Simon Pirani replies to review by John Marot


I write to respond to the malicious invention on which John Marot’s review of my book Communist Dissidents in Early Soviet Russia (New Politics, Winter 2024) is centered, and to other inaccuracies.

The malicious invention is that “Pirani makes Lenin’s partisans ultimately responsible for the victory of Stalinism”: this is “a major, perhaps exclusive theme in all his writings.” “Exclusive”?! Most of my written work says little or nothing about the genesis of Stalinism. The book that touches on it, The Russian Revolution in Retreat, offers what I described as “a third interpretation” – as opposed to the “totalitarian” school and left wing structuralists such as Isaac Deutscher – according to which “while some aspects of Bolshevik ideology played a crucial part in weakening and undermining the revolution, that ideology itself was powerfully impacted by social changes over which it had little control, and to whose operation it often blinded itself” (page 236). There follow six pages of discussion.

This passage is in a chapter entitled “Conclusion: the impact on socialism” – an unmistakable expression of my view, in print for more than 15 years. In the book Marot reviewed, I did not discuss my view of the genesis of Stalinism, but referred readers to this earlier work. Instead of engaging with it, Marot invented a fictitious position for me, and lambasted it with angry rhetoric. It’s a disgusting old trick.

Three more points. First: Marot’s mean-spirited dismissal of the communist dissidents whose texts comprise most of the book reviewed. To him, they are “a pocketful of ‘communist dissidents,’ chosen by Pirani,” “Pirani’s handpicked dissidents,” or “Pirani’s chosen dissidents” (twice!). This, to coin E.P. Thompson’s phrase, is the condescension of posterity. Self-evidently these dissidents, rank-and-file Communist party members and ex-members, were a tiny minority; self-evidently, they were out of tune with many workers who greeted the improved living standards achieved by the New Economic Policy. Also self-evidently, in my view, historians of communism who contemptuously deride such minorities – 17th century Diggers and Ranters, the 19th century Luddites to which Thompson referred, or 20th century Russian dissidents – impoverish our understanding.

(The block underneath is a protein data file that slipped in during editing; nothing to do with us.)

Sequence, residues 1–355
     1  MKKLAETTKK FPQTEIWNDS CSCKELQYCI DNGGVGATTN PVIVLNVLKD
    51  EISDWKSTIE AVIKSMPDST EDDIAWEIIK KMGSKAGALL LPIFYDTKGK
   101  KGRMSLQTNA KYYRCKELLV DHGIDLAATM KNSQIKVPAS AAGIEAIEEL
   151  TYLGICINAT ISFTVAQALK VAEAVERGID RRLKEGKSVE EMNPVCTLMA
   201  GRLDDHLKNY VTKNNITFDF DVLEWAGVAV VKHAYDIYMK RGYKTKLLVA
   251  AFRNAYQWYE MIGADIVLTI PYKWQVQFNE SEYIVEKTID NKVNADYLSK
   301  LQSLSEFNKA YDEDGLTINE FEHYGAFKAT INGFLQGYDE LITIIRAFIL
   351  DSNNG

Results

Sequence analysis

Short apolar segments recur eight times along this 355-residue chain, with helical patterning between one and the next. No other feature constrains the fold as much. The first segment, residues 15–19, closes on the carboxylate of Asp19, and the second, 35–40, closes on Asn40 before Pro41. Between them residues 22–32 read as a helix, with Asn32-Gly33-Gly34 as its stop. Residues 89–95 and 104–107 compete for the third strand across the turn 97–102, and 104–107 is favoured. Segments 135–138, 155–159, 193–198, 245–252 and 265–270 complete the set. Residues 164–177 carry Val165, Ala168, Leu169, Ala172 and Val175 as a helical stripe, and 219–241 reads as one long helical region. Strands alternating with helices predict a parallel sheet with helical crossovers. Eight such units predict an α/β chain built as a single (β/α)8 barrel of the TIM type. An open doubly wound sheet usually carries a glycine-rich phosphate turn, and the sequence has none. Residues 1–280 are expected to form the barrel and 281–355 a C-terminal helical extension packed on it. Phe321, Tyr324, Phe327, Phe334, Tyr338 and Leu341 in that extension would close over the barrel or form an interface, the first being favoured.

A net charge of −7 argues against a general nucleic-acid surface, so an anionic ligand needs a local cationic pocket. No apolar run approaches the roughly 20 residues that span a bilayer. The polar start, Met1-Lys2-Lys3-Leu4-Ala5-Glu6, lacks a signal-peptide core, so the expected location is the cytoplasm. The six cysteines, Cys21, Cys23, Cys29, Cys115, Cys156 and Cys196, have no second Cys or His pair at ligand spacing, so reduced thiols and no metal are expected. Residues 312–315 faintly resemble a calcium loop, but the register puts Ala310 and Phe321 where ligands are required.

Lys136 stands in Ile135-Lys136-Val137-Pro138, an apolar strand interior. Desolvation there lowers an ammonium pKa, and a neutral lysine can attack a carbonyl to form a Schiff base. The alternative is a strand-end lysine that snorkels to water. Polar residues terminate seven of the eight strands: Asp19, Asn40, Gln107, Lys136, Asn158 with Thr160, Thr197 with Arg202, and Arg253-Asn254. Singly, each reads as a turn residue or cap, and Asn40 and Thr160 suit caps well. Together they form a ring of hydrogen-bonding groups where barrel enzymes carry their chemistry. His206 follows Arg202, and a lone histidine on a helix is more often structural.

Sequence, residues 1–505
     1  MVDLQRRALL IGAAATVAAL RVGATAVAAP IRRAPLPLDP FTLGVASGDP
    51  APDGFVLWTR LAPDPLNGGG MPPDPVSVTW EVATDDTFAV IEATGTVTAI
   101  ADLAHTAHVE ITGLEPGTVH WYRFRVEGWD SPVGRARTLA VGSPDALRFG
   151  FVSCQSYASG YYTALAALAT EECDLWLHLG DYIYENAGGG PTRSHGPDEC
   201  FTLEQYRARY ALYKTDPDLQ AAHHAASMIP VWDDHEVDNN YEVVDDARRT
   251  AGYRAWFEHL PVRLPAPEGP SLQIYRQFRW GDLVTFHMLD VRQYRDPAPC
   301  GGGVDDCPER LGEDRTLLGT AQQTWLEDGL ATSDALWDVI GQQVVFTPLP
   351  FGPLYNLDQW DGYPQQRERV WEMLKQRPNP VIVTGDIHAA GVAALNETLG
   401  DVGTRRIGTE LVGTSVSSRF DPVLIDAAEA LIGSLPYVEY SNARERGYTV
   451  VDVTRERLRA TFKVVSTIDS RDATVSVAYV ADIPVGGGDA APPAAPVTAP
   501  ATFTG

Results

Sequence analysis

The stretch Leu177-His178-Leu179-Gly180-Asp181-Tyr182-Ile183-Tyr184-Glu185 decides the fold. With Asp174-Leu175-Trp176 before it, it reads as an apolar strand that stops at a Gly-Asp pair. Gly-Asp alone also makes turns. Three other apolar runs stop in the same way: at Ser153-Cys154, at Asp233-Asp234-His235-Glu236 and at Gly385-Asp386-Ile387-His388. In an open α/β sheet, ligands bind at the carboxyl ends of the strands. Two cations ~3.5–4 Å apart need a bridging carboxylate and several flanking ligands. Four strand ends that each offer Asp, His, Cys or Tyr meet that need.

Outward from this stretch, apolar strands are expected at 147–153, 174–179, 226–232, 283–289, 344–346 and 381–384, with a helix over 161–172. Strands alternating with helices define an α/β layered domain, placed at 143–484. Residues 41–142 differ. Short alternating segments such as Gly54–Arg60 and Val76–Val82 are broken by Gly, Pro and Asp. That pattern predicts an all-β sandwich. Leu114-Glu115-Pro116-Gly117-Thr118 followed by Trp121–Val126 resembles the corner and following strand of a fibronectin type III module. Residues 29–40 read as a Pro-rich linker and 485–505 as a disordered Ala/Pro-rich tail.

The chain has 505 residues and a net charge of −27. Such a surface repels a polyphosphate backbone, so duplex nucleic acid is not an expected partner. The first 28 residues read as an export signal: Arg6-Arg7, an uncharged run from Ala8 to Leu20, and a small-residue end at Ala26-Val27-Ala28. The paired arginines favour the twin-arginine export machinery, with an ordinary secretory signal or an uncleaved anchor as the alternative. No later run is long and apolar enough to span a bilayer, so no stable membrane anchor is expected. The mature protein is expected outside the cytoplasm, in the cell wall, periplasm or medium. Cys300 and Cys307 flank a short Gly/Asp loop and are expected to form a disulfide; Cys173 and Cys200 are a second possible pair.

Second: the group led by Vasilii Paniushkin. Marot claims falsely that I think it “represented the ‘workers’” on the Moscow soviet and that all other delegates “presumably represented only themselves, ‘the tops.’” This is a fairy tale. The words in quotation marks are not mine. I think no such thing. (My opinion of the drama on the Moscow soviet, for all it matters, is expressed in The Russian Revolution in Retreat.)

Third: communist suicides. Marot says he does not know of any study of this. I draw attention to the long note in The Russian Revolution in Retreat, page 123, and the four works referred to there.

Thankfully, Communist Dissidents in Early Soviet Russia is available as a PDF, downloadable free on line, as well as the paper edition. I hope readers will check it for themselves.

[See Marot’s rejoinder here.]


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